Anthurium: Flamingo lily (A. andraeanum), with stems up to 60 cm (2 feet) tall, has a salmon-red, heart-shaped spathe about 5–8 cm (2–3 inches) long; its hybrids produce white, pink, salmon, red, and black-red spathes. Flamingo flower, or pigtail plant (A. scherzeranum), is a shorter plant…

  • Anthurium scherzeranum (plant)

    Anthurium: Flamingo flower, or pigtail plant (A. scherzeranum), is a shorter plant with a scarlet spathe and a loosely coiled orange-red spadix. Because anthuriums require warm temperatures and high humidity, they are usually grown under greenhouse conditions.

  • Anthus (bird genus)

    pipit: …ground birds in the genera Anthus and Tmetothylacus in the family Motacillidae (order Passeriformes, suborder Passeri [songbirds]). They are found worldwide except in polar regions.

  • Anthus pratensis (bird)

    community ecology: Coevolution of one species with several species: …for cuckoos in Britain are meadow pipits (Anthus pratensis), reed warblers (Acrocephalus scirpaceus), pied wagtails (Motacilla alba yarrellii), and dunnocks (Prunella modularis).

  • Anthyllis vulneraria (plant)

    Kidney vetch, (Anthyllis vulneraria), perennial herb of the pea family (Fabaceae), found in meadows, alpine pastures, and dry places of Europe and northern Africa. It was formerly used as a remedy for kidney disorders but is now frequently cultivated in rock gardens. Kidney vetch is a low hairy

  • Anti-Atlas (mountains, North Africa)

    Anti-Atlas, mountain range in Morocco running parallel to and southward of the central range of the Atlas Mountains of North Africa. Although it has a mean elevation of 5,000 feet (1,500 metres), some peaks and passes exceed 6,000 feet (1,800 metres). This rugged, arid region, which encloses the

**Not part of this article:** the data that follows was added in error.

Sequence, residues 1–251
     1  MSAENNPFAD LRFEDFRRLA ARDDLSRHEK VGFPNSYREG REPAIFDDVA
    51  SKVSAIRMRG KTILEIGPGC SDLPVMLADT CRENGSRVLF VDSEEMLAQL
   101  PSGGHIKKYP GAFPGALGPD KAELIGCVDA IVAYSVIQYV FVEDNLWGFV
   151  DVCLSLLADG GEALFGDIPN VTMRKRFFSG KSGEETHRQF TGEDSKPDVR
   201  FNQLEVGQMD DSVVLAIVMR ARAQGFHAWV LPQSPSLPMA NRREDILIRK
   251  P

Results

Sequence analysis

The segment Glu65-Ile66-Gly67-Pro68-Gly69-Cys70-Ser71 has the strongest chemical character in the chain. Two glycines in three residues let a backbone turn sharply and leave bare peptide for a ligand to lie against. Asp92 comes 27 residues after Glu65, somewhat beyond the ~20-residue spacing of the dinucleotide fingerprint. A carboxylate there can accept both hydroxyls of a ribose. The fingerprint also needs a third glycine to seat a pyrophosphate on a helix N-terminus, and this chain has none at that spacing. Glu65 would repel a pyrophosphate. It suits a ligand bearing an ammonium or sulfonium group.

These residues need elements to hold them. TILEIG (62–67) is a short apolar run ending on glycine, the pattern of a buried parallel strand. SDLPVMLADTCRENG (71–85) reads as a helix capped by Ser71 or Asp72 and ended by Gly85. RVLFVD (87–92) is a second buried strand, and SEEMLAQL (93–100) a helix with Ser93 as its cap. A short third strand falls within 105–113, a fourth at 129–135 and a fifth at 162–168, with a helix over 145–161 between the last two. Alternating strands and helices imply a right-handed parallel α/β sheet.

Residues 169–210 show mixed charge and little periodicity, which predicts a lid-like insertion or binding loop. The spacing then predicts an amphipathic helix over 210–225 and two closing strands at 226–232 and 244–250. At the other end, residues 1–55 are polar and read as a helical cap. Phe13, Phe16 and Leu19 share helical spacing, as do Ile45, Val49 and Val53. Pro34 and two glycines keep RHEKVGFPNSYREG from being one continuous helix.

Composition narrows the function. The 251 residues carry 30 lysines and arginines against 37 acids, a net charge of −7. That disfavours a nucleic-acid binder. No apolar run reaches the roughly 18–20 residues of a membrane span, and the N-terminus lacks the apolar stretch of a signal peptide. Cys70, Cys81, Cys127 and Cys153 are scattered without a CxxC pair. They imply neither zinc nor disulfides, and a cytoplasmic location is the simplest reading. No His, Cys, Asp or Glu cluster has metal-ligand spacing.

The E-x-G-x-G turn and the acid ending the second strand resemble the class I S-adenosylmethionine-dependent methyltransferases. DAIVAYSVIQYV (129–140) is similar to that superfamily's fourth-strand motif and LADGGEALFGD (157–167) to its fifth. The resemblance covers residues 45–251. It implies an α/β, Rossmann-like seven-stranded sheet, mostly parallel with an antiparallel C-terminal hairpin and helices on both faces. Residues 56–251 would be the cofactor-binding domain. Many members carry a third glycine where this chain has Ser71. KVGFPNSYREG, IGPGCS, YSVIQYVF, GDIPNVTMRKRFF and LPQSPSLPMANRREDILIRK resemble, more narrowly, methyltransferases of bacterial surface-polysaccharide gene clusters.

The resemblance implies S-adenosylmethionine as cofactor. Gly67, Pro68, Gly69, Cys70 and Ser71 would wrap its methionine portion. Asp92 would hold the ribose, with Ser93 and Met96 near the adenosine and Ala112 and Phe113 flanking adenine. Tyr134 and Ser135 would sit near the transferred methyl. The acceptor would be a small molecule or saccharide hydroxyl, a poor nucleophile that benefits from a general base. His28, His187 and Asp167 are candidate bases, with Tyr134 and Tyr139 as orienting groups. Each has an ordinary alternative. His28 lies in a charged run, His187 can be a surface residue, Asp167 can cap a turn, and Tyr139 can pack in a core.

• Anti-Ballistic Missile Treaty (international treaty)

    Anti-Ballistic Missile Treaty (ABM Treaty), arms control treaty ratified in 1972 between the United States and the Soviet Union to limit deployment of missile systems that could theoretically be used to destroy incoming intercontinental ballistic missiles (ICBMs) launched by the other superpower.

  • Anti-Booker Prize (Russian literary award)

    Russia: The 20th century: The so-called Anti-Booker Prize—its name, a protest against the British origins of the Booker Prize, was selected to emphasize that it was a Russian award for Russian writers—was first presented in 1995 by the Nezavisimaya Gazeta. Tatyana Tolstaya began to occupy a prominent role following the publication…

  • Anti-Capitalistic Mentality, The (work by Mises)

    Ludwig von Mises: In The Anti-Capitalistic Mentality (1956), an examination of American socialism, he dealt with the opposition of a variety of intellectuals to the free market; in his view, these persons bear an unwarranted resentment toward the necessity of obeying mass demand, which is the basis of prosperity…

  • Anti-Comintern Pact (German-Japanese alliance [1936])

    Anti-Comintern Pact, agreement concluded first between Germany and Japan (Nov. 25, 1936) and then between Italy, Germany, and Japan (Nov. 6, 1937), ostensibly directed against the Communist International (Comintern) but, by implication, specifically against the Soviet Union. The treaties were

  • Anti-Corn Law League (British political organization)

    Anti-Corn Law League, British organization founded in 1839, devoted to fighting England’s Corn Laws, regulations governing the import and export of grain. It was led by Richard Cobden, who saw the laws as both morally wrong and economically damaging. The league mobilized the industrial middle

  • anti-de Sitter/conformal field theory (physics)